Most video production equipment has plastic parts that we touch, so consider your gear “dirty” for nine days after use. (Yes, that is longer than the 3-day recommendation commonly given, we’re going for the worst-case scenario.) Equipment that’s been in the closet for two weeks is safe. If you use it more often than that, disinfect it between uses and locations.
The EPA lists dozens of disinfecting products effective against viruses, but four teaspoons of bleach in a quart of water makes a solution that breaks down the virus in about a minute. Use this in a well-ventilated place and wear gloves when handling bleach. This mix can work well on metal lights, stands, tripods, extension cords, audio cables. It’s an inexpensive and readily-available solution, but don’t drip it on carpeting or anything else you don’t want to bleach the color out of. Don’t use it on porous material like windscreens and fabric-based LED lights and make sure everything is dry before you put it away.
For electronic parts which you handle (camera bodies, handles, lens turrets), 70% or stronger alcohol or alcohol-based cleaning products will disrupt the virus in a matter of seconds, but alcohol carries some danger to delicate gear. Whether you use a pre-moistened wipe, a rag or a paper towel, make sure it’s just damp, not overly wet. Don’t let the alcohol seep into your precious electronic components. Test all plastic parts carefully in an inconspicuous area before applying more alcohol; plastic can melt or become discolored with harsh solvents. Following the manufacturer’s instructions would be best, but you’re not likely to find a chapter on COVID-19 in the instruction manual. Keep in mind that human life and health are more important than equipment, then use common sense.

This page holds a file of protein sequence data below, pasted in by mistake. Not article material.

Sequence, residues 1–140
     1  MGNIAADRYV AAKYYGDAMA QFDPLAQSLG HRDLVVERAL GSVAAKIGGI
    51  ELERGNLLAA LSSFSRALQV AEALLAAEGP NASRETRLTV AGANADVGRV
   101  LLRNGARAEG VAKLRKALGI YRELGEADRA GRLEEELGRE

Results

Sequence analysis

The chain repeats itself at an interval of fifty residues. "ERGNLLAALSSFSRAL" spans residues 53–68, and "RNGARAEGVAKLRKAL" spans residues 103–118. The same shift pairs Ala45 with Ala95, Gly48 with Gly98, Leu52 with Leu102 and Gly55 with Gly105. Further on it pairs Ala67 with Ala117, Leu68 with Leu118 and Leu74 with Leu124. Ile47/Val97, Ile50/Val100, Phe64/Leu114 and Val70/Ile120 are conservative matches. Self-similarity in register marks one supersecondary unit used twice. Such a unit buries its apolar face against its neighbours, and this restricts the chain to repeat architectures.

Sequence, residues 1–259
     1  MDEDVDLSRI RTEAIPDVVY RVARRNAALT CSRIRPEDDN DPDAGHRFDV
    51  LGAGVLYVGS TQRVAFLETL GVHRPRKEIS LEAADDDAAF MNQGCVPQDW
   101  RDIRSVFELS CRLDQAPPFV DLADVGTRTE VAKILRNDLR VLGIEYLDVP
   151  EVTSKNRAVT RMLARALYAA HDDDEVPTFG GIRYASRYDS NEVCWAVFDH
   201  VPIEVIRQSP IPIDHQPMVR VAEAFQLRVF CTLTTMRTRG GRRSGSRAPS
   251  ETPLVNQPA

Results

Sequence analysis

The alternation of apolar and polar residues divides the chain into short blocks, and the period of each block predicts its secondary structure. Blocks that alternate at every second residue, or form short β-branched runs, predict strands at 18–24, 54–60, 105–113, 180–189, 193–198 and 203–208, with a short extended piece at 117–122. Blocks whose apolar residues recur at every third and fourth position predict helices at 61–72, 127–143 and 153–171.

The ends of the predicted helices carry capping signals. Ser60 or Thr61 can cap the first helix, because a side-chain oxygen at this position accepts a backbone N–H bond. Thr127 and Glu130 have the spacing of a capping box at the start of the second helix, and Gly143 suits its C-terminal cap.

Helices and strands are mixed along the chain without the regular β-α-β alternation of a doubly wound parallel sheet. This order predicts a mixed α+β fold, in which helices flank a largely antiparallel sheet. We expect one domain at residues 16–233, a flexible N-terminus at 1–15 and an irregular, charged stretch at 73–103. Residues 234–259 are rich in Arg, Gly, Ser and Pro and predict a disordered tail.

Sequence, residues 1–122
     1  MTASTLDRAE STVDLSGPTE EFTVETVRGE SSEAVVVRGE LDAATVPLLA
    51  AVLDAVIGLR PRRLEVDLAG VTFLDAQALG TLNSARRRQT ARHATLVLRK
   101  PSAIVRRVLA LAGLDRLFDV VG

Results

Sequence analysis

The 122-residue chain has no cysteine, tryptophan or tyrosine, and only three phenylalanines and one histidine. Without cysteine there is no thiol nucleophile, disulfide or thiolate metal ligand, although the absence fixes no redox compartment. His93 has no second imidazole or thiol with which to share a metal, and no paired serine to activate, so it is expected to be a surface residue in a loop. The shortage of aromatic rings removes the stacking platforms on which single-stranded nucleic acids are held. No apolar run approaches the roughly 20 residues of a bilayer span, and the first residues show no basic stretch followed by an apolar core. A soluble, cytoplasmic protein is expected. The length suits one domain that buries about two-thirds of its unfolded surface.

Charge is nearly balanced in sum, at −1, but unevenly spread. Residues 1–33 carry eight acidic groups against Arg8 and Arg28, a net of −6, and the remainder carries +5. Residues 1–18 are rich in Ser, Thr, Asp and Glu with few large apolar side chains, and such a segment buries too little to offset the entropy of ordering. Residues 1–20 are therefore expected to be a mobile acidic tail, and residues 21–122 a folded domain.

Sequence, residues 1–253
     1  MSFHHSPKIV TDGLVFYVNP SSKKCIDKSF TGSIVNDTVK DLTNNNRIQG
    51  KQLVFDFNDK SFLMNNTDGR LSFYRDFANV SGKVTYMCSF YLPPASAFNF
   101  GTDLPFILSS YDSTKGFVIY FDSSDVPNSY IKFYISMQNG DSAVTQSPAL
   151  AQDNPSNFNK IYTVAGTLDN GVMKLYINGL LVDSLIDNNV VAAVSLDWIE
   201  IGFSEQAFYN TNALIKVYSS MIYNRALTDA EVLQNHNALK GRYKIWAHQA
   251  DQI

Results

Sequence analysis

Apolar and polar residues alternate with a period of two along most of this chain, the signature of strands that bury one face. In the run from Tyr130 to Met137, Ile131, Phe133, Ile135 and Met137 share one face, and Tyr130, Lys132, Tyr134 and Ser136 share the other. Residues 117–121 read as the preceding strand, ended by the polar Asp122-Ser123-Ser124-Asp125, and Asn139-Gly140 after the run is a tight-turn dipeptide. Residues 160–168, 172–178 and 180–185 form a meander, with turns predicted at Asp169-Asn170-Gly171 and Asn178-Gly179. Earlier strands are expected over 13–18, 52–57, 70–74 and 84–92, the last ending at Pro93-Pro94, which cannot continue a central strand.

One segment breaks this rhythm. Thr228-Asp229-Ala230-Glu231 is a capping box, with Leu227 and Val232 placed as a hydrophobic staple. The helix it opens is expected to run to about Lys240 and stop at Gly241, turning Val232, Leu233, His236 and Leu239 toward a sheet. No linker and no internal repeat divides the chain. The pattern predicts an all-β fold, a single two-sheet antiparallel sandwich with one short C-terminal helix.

If keeping your gear in quarantine for nine days is one option (very safe for the equipment and quite effective) and using bleach or alcohol is the quick, dangerous, brute-force solution, is there a middle ground? Yes there is. The National Park Service recommends using plain soap (liquid Ivory is particularly residue-free, they say) on its cultural treasures. Make a mild solution, spray it onto a paper towel to make it moist, and wipe. Remember how you’re supposed to wash your hands for 20 seconds? Same principle applies here, so wipe, wait a minute and wipe again; give the soap time to dissolve the fatty layer off the virus’ RNA core. After a minute or two, rinse with a paper towel moistened with plain water. Dispose of all the paper towels and let your gear dry thoroughly before you put it away.